Featured Satellite Map
National Satellite Infrared
National Infrared Satellite
The United States Satellite map displays infrared (IR) images at the national level. Warmest (lowest) clouds are shown in white; coldest (highest) clouds are displayed in shades of yellow, red, and purple. Imagery is obtained from the GOES and METEOSAT geostationary satellites, and the two US Polar Orbiter (POES) satellites.

Regional Map
View the Regional Infrared Satellite Map »
Visible Satellite Map
Visible Satellite Map
View the Visible Satellite Map
The Visible Satellite Map is essentially a snapshot of what the satellite sees, unlike Infrared (IR) satellite imagery, which depicts the temperature of the clouds. As the sun approaches midday over a given area, clouds will appear as bright white, as opposed to gray at sunrise and sunset.
Water Vapor Map
Water Vapor Map
View the Water Vapor Map
The Water Vapor map shows areas of moist and dry air at mid-levels of the atmosphere (about 12,000 feet). Water vapor or water vapour, also aqueous vapor, is the gas phase of water. Water vapor is one state of the water cycle within the hydrosphere. This map is available at the national and regional level.
Weather Satellite Imagery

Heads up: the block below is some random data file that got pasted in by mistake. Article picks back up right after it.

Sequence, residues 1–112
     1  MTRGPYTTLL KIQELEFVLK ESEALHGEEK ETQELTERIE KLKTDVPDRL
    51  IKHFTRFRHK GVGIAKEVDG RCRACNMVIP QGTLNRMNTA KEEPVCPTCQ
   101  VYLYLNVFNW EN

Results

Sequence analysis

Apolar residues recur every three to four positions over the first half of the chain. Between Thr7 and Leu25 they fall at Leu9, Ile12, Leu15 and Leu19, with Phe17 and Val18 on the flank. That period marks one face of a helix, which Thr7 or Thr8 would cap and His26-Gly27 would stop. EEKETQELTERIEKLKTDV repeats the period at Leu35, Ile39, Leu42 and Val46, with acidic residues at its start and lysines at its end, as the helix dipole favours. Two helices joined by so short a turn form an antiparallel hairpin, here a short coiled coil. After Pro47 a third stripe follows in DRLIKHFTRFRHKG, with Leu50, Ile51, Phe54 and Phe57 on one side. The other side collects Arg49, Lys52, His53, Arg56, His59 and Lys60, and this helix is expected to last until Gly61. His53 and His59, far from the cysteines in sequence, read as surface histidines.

Weather SatelliteA weather satellite is a type of satellite that is primarily used to monitor the weather and climate of the Earth. These meteorological satellites, however, see more than clouds and cloud systems. City lights, fires, effects of pollution, auroras, sand and dust storms, snow cover, ice mapping, boundaries of ocean currents, energy flows, etc., are other types of environmental information collected using weather satellites. Other environmental satellites can detect changes in the Earth's vegetation, sea state, ocean color, and ice fields. For example, the 2002 oil spill off the northwest coast of Spain was watched carefully by the European ENVISAT, which, though not a weather satellite, flies an instrument (ASAR) which can see changes in the sea surface. The Antarctic ozone hole is mapped from weather satellite data. Collectively, weather satellites flown by the U.S., Europe, India, China, Russia, and Japan provide nearly continuous observations.

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